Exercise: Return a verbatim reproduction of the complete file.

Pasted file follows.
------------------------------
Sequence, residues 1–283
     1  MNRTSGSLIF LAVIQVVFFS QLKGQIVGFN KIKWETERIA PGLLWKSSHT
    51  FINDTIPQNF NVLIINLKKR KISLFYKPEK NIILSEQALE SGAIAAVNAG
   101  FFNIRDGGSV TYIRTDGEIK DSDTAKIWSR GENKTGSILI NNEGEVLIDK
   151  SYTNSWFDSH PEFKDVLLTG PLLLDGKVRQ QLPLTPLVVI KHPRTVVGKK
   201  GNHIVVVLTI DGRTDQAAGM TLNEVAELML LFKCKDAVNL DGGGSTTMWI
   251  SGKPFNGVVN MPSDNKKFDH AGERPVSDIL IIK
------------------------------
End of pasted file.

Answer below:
Sequence, residues 1–283
     1  MNRTSGSLIF LAVIQVVFFS QLKGQIVGFN KIKWETERIA PGLLWKSSHT
    51  FINDTIPQNF NVLIINLKKR KISLFYKPEK NIILSEQALE SGAIAAVNAG
   101  FFNIRDGGSV TYIRTDGEIK DSDTAKIWSR GENKTGSILI NNEGEVLIDK
   151  SYTNSWFDSH PEFKDVLLTG PLLLDGKVRQ QLPLTPLVVI KHPRTVVGKK
   201  GNHIVVVLTI DGRTDQAAGM TLNEVAELML LFKCKDAVNL DGGGSTTMWI
   251  SGKPFNGVVN MPSDNKKFDH AGERPVSDIL IIK